Over 80 years after the Declaration of Independence was signed on July 4, 1776, the 1860 census documented 3,953,762 slaves within the boundaries of the United States of America – forcibly removed from many parts of Africa.
Eight years before that census, Frederick Douglass was invited to speak at an event in Rochester, New York commemorating the signing of the Declaration of Independence. Having escaped slavery in 1838 at age 21, and in view of the continued, horrific bondage of his people, his words that day were fittingly stark and poignant, “Are the great principles of political freedom and of natural justice, embodied in that Declaration of Independence, extended to us?”
His ensuing remarks echo for Latter-day Saints the ancient prophet Jacob’s pain at having to address a deadly sin he dearly wished did not exist:
Would to God, both for your sakes and ours, that an affirmative answer could be truthfully returned to these questions! Then would my task be light, and my burden easy and delightful. For who is there so cold, that a nation’s sympathy could not warm him? Who so obdurate and dead to the claims of gratitude, that would not thankfully acknowledge such priceless benefits? Who so stolid and selfish, that would not give his voice to swell the hallelujahs of a nation’s jubilee, when the chains of servitude had been torn from his limbs?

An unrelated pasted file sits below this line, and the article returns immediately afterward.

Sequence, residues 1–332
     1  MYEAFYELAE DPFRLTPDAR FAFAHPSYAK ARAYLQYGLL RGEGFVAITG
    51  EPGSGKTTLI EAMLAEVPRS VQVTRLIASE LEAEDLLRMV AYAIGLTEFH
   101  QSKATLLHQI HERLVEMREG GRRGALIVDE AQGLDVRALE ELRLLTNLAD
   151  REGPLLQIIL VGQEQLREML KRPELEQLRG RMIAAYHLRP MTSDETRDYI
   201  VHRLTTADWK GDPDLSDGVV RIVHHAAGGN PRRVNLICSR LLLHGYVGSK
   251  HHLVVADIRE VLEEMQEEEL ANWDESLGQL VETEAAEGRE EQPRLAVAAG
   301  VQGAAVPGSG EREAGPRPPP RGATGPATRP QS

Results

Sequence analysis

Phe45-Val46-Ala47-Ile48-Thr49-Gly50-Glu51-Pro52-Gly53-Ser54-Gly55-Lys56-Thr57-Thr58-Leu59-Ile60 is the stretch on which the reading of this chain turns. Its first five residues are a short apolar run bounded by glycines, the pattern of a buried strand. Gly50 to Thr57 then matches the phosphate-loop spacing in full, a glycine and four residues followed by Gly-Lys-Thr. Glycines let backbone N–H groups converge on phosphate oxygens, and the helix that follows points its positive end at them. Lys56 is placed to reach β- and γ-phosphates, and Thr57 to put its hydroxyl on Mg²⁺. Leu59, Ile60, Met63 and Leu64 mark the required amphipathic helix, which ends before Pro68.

Speaking in behalf of his enslaved brothers and sisters, Douglass continued:
I am not that man. . . . I say it with a sad sense of the disparity between us. I am not included within the pale of this glorious anniversary! Your high independence only reveals the immeasurable distance between us. The blessings in which you, this day, rejoice, are not enjoyed in common. The rich inheritance of justice, liberty, prosperity and independence, bequeathed by your fathers, is shared by you, not by me. The sunlight that brought life and healing to you, has brought stripes and death to me. This Fourth [of] July is yours, not mine. You may rejoice, I must mourn. To drag a man in fetters into the grand illuminated temple of liberty, and call upon him to join you in joyous anthems, were inhuman mockery and sacrilegious irony. Do you mean, citizens, to mock me, by asking me to speak to-day?
White Americans sometimes feel confused or defensive to learn that African-Americans don’t always feel as enthusiastic about our nation’s founding history.